Towards Circularity: Intro: Waste | Not
Stuff we buy. Stuff we throw away.
In the U.S., consumers purchase over 34 million new TVs every year, 17 million new computer monitors and 43 million new laptops. What happens when we are finished using them? Mobile phones may disappear into a desk drawer or become your toddler’s new favorite toy. Some communities have electronics recycling options, but many Americans are still confused on how to recycle their devices, despite years of efforts to create cost effective ways to collect, repurpose and safely recycle these products.
Within the last decade, while cathode ray tube TVs became obsolete, efficient LED lights replaced mercury-filled cold compact fluorescent lights, and integrated circuits became microscopic, the narrative of how non-industrialized countries manage used electronics hasn’t really changed. Concern over products being exported to places that don’t have the infrastructure to safely take apart and recycle electronics remains paramount. Many domestic collection programs pledge not to export used products overseas and policy makers around the world are trying to figure out new business models to safely recycle electronics. Demand for scrap is high in these places because the material is valued.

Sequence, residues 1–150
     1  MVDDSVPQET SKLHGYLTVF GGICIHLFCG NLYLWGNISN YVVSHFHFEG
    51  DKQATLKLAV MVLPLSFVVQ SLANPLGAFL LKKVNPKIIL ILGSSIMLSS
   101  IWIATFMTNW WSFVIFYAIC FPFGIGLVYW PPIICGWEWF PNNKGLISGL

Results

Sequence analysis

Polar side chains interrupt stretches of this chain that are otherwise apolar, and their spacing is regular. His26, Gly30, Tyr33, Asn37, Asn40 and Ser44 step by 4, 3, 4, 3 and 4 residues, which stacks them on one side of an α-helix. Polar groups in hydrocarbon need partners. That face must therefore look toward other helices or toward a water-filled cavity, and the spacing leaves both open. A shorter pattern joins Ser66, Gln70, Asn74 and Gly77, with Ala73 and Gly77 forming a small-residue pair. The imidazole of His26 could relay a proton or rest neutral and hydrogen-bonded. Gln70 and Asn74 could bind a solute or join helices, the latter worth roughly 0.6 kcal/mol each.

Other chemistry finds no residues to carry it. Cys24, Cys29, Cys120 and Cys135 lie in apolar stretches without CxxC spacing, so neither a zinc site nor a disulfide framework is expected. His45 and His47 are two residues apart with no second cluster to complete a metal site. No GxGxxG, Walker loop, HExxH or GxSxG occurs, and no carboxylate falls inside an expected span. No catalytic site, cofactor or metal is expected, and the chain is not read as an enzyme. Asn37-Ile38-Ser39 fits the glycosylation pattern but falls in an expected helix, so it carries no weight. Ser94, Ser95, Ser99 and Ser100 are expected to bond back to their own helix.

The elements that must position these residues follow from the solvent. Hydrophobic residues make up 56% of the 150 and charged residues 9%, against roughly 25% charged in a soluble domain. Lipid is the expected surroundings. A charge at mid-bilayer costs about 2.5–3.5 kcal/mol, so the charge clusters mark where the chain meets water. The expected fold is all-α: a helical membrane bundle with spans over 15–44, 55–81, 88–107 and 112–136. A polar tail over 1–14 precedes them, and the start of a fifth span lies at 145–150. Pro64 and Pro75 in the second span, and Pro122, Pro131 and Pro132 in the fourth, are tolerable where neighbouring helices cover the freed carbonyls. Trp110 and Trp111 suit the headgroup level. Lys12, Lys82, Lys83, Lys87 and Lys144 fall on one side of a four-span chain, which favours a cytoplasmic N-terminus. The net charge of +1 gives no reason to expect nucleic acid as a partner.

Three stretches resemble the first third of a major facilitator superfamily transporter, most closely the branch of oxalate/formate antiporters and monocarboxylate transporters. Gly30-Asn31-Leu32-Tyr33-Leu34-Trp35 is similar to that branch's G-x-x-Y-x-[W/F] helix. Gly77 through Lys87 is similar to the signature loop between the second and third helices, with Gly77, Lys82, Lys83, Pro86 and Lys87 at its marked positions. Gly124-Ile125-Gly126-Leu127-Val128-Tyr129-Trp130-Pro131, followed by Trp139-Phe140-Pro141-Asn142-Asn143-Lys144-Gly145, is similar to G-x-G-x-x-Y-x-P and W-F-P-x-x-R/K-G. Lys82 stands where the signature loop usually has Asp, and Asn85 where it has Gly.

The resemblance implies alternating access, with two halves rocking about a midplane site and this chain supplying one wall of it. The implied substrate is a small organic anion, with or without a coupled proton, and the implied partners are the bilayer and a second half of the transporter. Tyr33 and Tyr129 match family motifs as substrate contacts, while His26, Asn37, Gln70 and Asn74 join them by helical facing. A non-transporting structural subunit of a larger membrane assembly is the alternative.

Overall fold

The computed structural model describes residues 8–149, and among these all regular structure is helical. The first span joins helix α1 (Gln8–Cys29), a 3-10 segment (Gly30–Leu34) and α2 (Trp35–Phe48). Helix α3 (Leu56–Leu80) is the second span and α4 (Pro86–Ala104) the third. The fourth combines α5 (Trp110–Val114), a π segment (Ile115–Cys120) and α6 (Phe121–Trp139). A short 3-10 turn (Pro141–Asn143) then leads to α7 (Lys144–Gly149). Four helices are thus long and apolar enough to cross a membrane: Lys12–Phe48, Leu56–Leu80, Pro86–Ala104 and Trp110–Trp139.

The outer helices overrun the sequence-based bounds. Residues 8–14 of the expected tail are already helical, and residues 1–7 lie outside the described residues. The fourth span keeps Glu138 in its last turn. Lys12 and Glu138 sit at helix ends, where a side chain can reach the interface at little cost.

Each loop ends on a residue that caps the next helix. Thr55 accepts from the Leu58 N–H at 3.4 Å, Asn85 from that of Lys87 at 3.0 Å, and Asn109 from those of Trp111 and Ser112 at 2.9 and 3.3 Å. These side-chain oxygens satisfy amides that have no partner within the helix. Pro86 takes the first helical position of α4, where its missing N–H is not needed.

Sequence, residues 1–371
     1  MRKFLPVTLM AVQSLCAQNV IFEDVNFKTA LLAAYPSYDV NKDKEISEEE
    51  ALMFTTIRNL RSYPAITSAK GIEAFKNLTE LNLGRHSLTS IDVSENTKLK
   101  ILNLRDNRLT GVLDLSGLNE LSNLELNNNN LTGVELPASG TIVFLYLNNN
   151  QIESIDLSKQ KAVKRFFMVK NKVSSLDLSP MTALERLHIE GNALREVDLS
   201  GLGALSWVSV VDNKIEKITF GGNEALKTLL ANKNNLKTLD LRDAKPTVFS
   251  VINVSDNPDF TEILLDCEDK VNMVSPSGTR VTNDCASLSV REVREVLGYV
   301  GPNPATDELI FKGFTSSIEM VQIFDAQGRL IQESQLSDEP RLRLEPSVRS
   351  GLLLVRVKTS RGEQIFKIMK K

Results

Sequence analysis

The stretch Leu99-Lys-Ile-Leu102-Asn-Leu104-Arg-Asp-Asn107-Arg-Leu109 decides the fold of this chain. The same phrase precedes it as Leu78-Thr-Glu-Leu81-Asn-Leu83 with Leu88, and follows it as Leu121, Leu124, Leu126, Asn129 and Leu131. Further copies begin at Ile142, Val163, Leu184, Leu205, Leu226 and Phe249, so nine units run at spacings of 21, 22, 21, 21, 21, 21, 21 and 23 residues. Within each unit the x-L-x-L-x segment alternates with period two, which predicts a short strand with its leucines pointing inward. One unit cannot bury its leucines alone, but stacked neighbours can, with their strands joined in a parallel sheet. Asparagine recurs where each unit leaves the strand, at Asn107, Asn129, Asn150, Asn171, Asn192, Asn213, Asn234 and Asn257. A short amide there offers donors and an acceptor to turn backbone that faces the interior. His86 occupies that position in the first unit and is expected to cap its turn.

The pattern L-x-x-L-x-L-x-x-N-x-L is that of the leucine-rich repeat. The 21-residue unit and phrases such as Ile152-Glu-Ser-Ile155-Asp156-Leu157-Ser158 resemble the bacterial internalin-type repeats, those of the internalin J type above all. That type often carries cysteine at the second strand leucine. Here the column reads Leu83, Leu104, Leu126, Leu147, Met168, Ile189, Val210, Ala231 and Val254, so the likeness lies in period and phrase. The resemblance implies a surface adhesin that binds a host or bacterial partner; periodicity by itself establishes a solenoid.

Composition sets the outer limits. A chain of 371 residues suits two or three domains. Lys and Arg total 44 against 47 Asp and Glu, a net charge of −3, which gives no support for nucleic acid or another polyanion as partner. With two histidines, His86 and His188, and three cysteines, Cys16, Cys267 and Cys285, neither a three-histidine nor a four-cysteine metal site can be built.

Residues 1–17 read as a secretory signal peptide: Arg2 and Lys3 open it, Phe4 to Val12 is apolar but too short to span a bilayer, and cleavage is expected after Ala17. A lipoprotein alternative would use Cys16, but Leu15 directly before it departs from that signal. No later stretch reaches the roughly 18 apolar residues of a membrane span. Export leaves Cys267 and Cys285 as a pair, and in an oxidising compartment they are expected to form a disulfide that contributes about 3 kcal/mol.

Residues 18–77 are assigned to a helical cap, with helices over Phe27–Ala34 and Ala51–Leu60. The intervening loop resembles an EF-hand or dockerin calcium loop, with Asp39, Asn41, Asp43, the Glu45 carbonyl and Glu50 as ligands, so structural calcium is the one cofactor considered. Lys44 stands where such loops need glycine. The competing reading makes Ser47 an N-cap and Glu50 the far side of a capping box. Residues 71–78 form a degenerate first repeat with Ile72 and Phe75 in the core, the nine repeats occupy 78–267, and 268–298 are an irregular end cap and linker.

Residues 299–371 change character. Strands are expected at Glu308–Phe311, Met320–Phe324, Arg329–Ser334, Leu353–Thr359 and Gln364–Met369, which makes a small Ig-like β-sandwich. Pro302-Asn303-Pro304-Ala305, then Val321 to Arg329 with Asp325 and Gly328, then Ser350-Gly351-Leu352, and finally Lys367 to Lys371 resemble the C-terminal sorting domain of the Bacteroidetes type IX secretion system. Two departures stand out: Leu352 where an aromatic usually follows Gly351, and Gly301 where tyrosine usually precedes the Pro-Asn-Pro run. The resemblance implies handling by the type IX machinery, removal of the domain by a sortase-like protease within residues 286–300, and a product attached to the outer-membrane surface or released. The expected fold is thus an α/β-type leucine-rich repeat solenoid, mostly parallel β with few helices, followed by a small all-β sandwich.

Enter plastics. A growing awareness of ocean plastics has ignited brands, governments, and consumers to take action on improving recycling. This attention, especially on the churn of single use plastics, brings home the need to re-think the way we make and consume things. Most of the ocean-bound plastics originate in South and Southeast Asia. There, as with e-waste, managing plastics requires rethinking relationships with informal and formal workers and creating more transparency and accountability in collecting material.
Efforts over the coming years will test of whether we can re-imagine how to capture and recycle materials and whether we need to use certain materials, like plastic packaging, at all. We can begin to imagine a more ‘circular economy,’ which, according to the Ellen MacArthur Foundation, designs out waste and pollution, keeps products and materials in use, and regenerates natural systems.
Ultimately, though, waste management systems involve people. Those featured in the following photo essays play a role, some more visible than others, in how stuff gets repurposed. My aim in photographing them was to shed more light on what they do so that we can see them as integral to whatever new solutions take shape.